Slick Spins and Fractured Facts: How Cultural Myths Distort the News

Slick Spins and Fractured Facts: How Cultural Myths Distort the News

by Caryl Rivers
     
 

"P.M.S. Affects Millions." "More Blacks in Prison Than in College." "Working Women Stressed Out." "Campus Thought Police Vs. Free Speech." "Asian Influx Raises Questions On Campus."
We read headlines like these in newspapers and magazines every day, or hear them on television and radio broadcasts, and we're expected to… See more details below

Overview

"P.M.S. Affects Millions." "More Blacks in Prison Than in College." "Working Women Stressed Out." "Campus Thought Police Vs. Free Speech." "Asian Influx Raises Questions On Campus."
We read headlines like these in newspapers and magazines every day, or hear them on television and radio broadcasts, and we're expected to take them at face value. But can we really believe that the media are giving us "just the facts"? Veteran journalist Caryl Rivers investigates the story behind "All the News That's Fit to Print." In Slick Spins and Fractured Facts, she demonstrates that "the news" is whatever the homogenous clan that runs America's print and broadcast media says it is.
In this witty, persuasive, on-target book, Rivers turns the camera back on the media, taking a hard look at the players who shape the news. She shows how this group--upper-middle-class whites--filters the news through their barely recognized self-interest and ideologies.
Slick Spins and Fractured Facts presents a raucous wealth of examples showing how the interests, values and viewpoints of this close-knit group inform the stories that appear again and again in the American media. The result is the perpetuation of gender, race, and class stereotypes from one generation to the next, as the media focus on problems of the present while paying scant attention to history and the mistakes of the past. Other perspectives, she contends, are usually considered "biased": a gay journalist, for instance, must go to great lengths to prove that he or she can be impartial.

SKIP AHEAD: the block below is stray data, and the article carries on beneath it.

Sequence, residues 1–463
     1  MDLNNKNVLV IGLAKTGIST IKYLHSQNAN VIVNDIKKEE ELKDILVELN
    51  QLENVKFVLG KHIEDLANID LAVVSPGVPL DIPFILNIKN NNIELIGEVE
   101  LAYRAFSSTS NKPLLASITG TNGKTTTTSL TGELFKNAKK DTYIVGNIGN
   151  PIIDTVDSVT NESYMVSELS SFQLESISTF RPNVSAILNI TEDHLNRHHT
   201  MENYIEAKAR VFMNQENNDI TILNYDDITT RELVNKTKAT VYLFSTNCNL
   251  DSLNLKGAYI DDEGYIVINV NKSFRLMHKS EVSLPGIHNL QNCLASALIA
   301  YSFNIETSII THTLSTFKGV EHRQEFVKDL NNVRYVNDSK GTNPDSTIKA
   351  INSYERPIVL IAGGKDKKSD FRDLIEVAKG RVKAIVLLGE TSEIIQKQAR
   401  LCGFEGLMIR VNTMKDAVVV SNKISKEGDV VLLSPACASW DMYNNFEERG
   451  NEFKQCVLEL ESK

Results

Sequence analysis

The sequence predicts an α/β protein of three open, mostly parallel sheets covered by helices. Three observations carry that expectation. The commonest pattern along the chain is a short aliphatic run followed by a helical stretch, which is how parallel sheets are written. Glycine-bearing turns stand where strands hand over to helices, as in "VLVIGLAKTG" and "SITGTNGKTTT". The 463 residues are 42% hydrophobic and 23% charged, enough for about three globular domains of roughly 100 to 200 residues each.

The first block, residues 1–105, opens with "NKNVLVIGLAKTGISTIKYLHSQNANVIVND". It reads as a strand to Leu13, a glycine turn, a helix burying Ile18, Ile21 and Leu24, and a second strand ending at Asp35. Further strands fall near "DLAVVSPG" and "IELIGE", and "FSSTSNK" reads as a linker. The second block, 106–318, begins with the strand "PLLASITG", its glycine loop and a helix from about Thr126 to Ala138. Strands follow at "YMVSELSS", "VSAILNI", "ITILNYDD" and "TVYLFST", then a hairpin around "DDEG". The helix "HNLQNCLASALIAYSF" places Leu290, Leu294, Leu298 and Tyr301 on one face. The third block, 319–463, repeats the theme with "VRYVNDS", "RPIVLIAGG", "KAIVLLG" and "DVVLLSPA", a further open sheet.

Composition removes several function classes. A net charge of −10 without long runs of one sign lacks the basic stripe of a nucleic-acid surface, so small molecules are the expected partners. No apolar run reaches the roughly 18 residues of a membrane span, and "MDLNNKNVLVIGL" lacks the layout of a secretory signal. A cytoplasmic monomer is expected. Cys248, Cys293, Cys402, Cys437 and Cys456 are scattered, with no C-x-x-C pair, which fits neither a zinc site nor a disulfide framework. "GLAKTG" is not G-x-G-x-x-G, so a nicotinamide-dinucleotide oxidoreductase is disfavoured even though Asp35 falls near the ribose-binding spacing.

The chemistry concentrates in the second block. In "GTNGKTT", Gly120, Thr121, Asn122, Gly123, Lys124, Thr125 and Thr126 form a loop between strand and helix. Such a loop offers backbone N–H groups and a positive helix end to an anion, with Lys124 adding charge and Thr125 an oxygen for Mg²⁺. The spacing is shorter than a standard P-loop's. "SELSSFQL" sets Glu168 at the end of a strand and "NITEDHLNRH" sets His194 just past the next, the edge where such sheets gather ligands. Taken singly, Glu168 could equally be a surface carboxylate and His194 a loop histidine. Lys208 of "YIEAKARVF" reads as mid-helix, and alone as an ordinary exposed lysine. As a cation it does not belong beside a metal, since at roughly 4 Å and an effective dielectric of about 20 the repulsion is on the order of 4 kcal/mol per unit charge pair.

Drawing on a rich array of news stories, Riversexplores the media's typical treatment of women, African Americans, welfare recipients, immigrants, crime and criminality, and multiculturalism. From the media war on Hilary Clinton to the media blitz that accompanied Charles Murray's The Bell Curve, from the sordid details of Tonya Harding's working-class upbringing to the media-sponsored character assassination of the alleged "quota queen" Lani Guinier, Slick Spins and Fractured Facts analyzes the ways the media put their own spin on the news items of our sound-bite generation.
With as much humor as indignation, Rivers shows how the media pursue a deeply biased agenda, ignoring the currents of prejudice and primal fear that inform their version of reality. Slick Spins and Fractured Facts pierces the cultural myths that inform the media, compelling us to question our assumptions and offering hope for coming generations of journalists to promote a more inclusive understanding of "the news."

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Editorial Reviews

Kirkus Reviews
A spirited reading of the daily papers, with an eye to uncovering the cultural and political forces that shape the news.

Most Americans, writes Boston University journalism professor Rivers, do not follow current events. This is less out of ignorance than because the makers of news and of newspapers do not represent their interests: "Working-class voices—not to mention those of poor people—are rarely heard on op-ed pages. The exotic minutiae of foreign policy, the endless inside-the-beltway battles, are the stuff that interests elite journalists." What also interests elite journalists, she argues, are sensational stories that play to cultural myths that are not borne out in reality; in this vein, she examines matters like the so-called bell curve, which excited so much attention a couple of years ago, and which she believes reflects racist attitudes among the power elite and the media that serve it; and much-trumpeted stories like the one that claimed women over the age of 35 have as much chance of being killed by terrorists as they do of getting married. (Not true, Rivers says: The claim is the result of bad math being "hyped into a phony trend.") Rivers's aim is wide, and sometimes scattershot; she notes that few people will soon forget Lorena Bobbitt, but that the "thousands of women who are shot, beaten, maimed, and burned by their male partners each year" will forever remain nameless. She doesn't acknowledge that the Bobbitt case was in fact newsworthy if only for its unusualness. Still, she undertakes thoughtful analyses of a number of cases to show how the media becomes an actor in making the news, and she is usually convincing, especially when she takes on notions of objectivity in news reporting—reporting that, she argues, is inherently biased in favor of the status quo.

Students of the media will want to have a good look at this deconstruction of the headlines.

Product Details

ISBN-13:
9780231101523
Publisher:
Columbia University Press
Publication date:
06/06/1996
Pages:
250
Product dimensions:
6.24(w) x 9.35(h) x 0.91(d)
Age Range:
18 Years

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